I have vaguely felt all along, when I was endeavoring to formulate the principles of scientific management, that I had not anywhere near “reached bottom,” and I feel now that your analytical mind and long years of honest thought in philosophical matters are just what is needed to tie up our practical results and the plain every-day formulae to the true fundamental theory.
There is room for any number of leaders in this movement, and after reading your letters with a great deal of care, it appears to me that you are just the man to lead in this more fundamental direction.
From this point, the correspondence between Klyce and Taylor focuses primarily on the article that Klyce is trying to write, with an eye on publishing it in the Atlantic Monthly magazine. In mid-July 1911, Klyce visited Taylor at Taylor’s mother-in-law’s home in Plymouth, Massachusetts. The two worked on revising the article, which Taylor described in a July 25 letter to Baker as being, “too deep for the every day reader.”
Klyce’s article was turned down by the Atlantic Monthly. In August, he suffered a nervous breakdown, and his wife, Etheldreda, revised the article, which was published under her name in the November 18, 1911, issue of The Outlook, a popular weekly magazine. Despite taking a leave of absence from his job and traveling to England to recover, Klyce was forced to retire from the Navy in 1912. He settled in Winchester, Massachusetts, where he continued to work on Universe and corresponded with many notable writers and philosophers of his time, including John Dewey and Upton Sinclair. Although Klyce and Taylor never met again after July 1911, they continued to write one another through 1914. These letters depict Klyce working on his book and expressing his continued praise for scientific management. Taylor died in March 1915. Six years later, Klyce published Universe, a book, he noted in the preface, that “unifies or qualitatively solves science, religion, and philosophy--basing everything on experimental, verifiable evidence.” He hadn’t forgotten Taylor, of whom he wrote:
Taylor’s doctrine of scientific management… is perhaps the most explicit and extensive advance in ethics or the science of living that has been made since Christ…. Taylor was a supremely great man. He was a democrat more beautifully balanced than Lincoln. (218)

Scudder Klyce was referenced as an influence to Batman nemesis, Anarky.

The legacy of Taylor will be explored this week at Stevens at the Taylor’s World Conference, held on campus, Thursday and Friday, September 24-25. If you would like to learn more about Taylor and his continued influence on modern life,  you may register to attend here:

Monday, September 14, 2015

Where Are You From? by Vicky Ludas Orlofsky (

To mark the beginning of the new school year, the Library debuted two maps at the Open House on September 2. One a world map and one a map of New Jersey, they have been on display since last week so members of the Stevens community can mark their home region. Both maps have been getting a lot of attention, so much so that we ran out of map pins and have been using thumbtacks!

Map - USA - Sep 10 2015
World map, closeup on North and South America. Map credit: Photo credit: Romel Espinel, Sept. 10, 2015.

It’s been fascinating to see where the Stevens community -- primarily students, but also staff and faculty -- come from. Given the popularity of Stevens among New Jersey residents, we knew we’d better include a map specifically of the Garden State, but it appears that next year, we should also include maps of China and India, as those countries are greatly represented by our graduate students.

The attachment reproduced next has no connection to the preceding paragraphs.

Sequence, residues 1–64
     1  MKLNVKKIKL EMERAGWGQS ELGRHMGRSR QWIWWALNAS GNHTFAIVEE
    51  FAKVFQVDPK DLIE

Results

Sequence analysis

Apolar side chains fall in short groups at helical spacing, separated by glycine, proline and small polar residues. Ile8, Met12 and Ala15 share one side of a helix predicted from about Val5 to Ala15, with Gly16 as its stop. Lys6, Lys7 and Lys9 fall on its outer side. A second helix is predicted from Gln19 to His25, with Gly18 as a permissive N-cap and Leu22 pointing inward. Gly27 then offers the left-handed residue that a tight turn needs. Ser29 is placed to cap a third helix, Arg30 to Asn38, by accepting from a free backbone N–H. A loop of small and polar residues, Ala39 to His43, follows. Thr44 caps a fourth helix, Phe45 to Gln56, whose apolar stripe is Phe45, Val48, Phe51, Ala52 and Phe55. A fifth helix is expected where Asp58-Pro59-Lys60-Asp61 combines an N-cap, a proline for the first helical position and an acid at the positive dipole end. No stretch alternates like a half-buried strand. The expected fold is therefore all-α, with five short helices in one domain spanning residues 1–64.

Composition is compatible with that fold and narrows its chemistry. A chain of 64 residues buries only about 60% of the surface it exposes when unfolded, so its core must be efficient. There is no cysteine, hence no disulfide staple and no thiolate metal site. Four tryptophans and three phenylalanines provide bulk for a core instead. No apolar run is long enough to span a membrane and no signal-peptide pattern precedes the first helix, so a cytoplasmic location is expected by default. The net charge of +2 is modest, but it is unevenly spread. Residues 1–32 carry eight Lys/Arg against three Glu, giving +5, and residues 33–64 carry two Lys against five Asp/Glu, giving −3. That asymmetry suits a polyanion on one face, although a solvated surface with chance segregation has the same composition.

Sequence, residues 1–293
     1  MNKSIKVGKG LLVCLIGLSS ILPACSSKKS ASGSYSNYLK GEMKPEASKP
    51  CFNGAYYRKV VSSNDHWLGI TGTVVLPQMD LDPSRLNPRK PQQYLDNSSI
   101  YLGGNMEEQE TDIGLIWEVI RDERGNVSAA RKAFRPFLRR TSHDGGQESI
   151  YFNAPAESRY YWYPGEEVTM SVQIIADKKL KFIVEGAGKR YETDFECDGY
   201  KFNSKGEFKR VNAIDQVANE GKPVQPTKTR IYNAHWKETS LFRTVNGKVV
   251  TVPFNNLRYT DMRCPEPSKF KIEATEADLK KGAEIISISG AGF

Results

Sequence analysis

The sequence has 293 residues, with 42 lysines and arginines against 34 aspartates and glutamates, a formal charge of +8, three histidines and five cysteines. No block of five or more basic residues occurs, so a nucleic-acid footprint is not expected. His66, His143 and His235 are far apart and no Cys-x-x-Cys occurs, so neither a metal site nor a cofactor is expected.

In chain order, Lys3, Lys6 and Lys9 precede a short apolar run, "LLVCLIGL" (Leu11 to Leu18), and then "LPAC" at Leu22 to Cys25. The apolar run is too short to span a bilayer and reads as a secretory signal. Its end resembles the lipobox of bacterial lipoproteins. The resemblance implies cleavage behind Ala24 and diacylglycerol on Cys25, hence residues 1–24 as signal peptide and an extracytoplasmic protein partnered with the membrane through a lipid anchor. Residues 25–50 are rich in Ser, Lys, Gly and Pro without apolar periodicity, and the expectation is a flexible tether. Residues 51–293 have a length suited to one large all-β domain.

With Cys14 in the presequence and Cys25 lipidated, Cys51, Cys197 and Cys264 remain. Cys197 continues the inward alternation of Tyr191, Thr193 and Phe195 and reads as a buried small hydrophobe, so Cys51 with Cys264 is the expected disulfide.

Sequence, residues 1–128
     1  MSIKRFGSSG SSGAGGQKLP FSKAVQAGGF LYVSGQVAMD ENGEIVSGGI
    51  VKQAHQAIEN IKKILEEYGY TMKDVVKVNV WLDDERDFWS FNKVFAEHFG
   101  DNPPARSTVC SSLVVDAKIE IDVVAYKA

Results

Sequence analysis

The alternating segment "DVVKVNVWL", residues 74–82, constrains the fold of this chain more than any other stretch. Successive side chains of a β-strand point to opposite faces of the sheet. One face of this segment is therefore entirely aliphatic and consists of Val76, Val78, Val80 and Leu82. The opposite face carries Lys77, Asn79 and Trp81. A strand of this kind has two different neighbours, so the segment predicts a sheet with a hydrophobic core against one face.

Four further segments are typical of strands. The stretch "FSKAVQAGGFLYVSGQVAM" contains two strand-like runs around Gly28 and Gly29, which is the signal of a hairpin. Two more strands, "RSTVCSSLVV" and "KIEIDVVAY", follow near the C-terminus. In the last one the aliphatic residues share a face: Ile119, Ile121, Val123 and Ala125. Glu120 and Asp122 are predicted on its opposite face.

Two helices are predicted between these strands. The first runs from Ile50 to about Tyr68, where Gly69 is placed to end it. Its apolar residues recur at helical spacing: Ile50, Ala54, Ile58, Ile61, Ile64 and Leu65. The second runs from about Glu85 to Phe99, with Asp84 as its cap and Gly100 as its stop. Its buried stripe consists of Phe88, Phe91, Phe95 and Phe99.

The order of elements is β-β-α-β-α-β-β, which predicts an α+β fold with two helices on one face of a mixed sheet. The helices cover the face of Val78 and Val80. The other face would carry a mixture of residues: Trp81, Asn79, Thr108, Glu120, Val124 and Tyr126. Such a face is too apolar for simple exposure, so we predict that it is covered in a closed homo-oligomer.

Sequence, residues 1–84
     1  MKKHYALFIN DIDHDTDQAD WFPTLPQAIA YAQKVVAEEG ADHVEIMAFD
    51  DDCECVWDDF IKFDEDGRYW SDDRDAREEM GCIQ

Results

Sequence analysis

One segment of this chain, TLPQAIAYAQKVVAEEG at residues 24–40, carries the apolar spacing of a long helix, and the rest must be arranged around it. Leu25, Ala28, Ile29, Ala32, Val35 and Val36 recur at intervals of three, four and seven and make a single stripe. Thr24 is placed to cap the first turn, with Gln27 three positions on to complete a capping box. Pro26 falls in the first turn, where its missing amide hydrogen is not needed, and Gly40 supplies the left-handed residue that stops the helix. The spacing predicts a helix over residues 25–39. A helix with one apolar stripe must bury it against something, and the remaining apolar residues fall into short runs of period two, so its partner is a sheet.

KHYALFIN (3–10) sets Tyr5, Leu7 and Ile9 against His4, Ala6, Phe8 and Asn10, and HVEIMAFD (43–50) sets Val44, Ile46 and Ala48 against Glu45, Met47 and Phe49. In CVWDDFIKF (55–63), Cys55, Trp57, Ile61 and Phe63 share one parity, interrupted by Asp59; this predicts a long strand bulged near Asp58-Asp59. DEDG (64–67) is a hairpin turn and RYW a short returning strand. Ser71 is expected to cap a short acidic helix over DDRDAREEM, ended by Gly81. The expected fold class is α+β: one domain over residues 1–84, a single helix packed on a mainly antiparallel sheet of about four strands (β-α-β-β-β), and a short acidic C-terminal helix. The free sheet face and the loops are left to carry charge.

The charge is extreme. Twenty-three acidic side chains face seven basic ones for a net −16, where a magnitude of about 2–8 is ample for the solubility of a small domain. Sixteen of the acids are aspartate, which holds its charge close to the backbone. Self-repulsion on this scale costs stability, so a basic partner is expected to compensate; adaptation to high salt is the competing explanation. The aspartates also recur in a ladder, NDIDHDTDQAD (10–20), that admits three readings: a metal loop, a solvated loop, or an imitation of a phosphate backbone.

Map - EUrope Asia - Sept 10 2015
World map, closeup on Asia. Map credit: Photo credit: Romel Espinel, Sept. 10, 2015.

Map - NJ closeup - Sept 10 2015
Map of New Jersey, closeup on Hoboken and surrounding areas. Map credit: Kappa Map Group. Photo credit: Romel Espinel, Sept. 10, 2015.

Have you stuck in a pin yet? Stop by and show everyone where you’re from! The maps will be on display through the month of September in the Great Hall.

The latest map as of Monday, September 14:

Map credit: Photo credit: Romel Espinel.

Wednesday, September 9, 2015

Frederick Taylor, Father of Scientific Management, Class of 1883
by Margaret DiGerolamo

Frederick Winslow Taylor was an influential thinker of the early 20th century and credited as the father of  Scientific Management which contributed to a revolution in the way that the industrial world worked. He explored how to increase productivity by using workers’ time more efficiently. Instead of the old process of one worker taking on the production from raw materials to final product, he split up the work so that one worker would be in charge of one part of the process, and, in turn, the process would go much faster. While he could be persuasive, he also was very specific—to the point of stubbornness—about how others should follow his method and about what his ideas entailed. One example occurred at the Bethlehem Steel Company, where he co-created the Taylor-White Process, which created a harder, more effective tool. When the Committee of Science and Arts in the Franklin Institute was awarding Taylor with the Elliott Cresson Medal, Taylor felt compelled to send them a letter because the write-up for the award insinuated that his discovery may have been more of an accident than a calculated experiment. The letter requested that they correct their wording of that sentence (Taylor, 1902).  

Bethlehem Steel Company